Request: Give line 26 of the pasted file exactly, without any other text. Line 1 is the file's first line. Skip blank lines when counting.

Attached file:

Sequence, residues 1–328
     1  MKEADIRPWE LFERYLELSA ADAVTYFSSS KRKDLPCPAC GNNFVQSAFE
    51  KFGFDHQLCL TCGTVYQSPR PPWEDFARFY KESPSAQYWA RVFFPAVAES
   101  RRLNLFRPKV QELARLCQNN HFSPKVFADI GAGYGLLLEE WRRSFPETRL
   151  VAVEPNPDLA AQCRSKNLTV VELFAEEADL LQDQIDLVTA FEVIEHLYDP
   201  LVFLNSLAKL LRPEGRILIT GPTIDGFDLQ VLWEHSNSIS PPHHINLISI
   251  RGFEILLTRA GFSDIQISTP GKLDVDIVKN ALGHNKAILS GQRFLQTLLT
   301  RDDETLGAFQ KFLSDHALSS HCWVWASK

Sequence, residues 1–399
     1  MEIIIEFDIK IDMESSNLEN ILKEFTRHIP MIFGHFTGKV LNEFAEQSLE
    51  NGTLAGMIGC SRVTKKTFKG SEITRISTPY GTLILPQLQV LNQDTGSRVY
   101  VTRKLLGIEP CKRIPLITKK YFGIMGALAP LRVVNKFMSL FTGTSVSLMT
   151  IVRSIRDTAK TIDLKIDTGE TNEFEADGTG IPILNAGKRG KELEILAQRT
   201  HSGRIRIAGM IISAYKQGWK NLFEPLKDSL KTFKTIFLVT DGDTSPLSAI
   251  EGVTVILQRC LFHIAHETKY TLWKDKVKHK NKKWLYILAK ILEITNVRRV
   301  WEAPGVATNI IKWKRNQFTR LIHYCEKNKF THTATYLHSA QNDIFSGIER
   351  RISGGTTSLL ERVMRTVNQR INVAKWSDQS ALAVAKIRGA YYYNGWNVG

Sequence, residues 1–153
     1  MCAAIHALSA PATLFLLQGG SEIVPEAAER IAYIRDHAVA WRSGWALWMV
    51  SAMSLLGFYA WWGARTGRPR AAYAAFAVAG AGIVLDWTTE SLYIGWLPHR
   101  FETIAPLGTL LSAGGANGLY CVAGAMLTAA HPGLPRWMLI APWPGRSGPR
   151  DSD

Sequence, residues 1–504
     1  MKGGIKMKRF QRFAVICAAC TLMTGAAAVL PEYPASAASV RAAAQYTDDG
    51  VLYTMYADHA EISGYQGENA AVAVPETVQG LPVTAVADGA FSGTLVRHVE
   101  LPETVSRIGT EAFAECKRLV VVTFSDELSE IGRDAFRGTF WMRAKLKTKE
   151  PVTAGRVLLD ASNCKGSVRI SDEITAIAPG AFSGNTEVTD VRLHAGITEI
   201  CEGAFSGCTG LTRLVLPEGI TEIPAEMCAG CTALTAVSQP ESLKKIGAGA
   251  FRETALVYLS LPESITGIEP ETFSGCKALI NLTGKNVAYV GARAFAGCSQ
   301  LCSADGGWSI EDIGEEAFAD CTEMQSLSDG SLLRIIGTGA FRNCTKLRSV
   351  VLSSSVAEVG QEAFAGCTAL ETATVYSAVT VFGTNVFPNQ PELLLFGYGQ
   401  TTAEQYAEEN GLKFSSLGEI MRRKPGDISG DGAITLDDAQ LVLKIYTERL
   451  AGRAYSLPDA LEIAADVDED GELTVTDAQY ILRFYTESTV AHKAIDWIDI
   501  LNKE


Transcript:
   101  LPETVSRIGT EAFAECKRLV VVTFSDELSE IGRDAFRGTF WMRAKLKTKE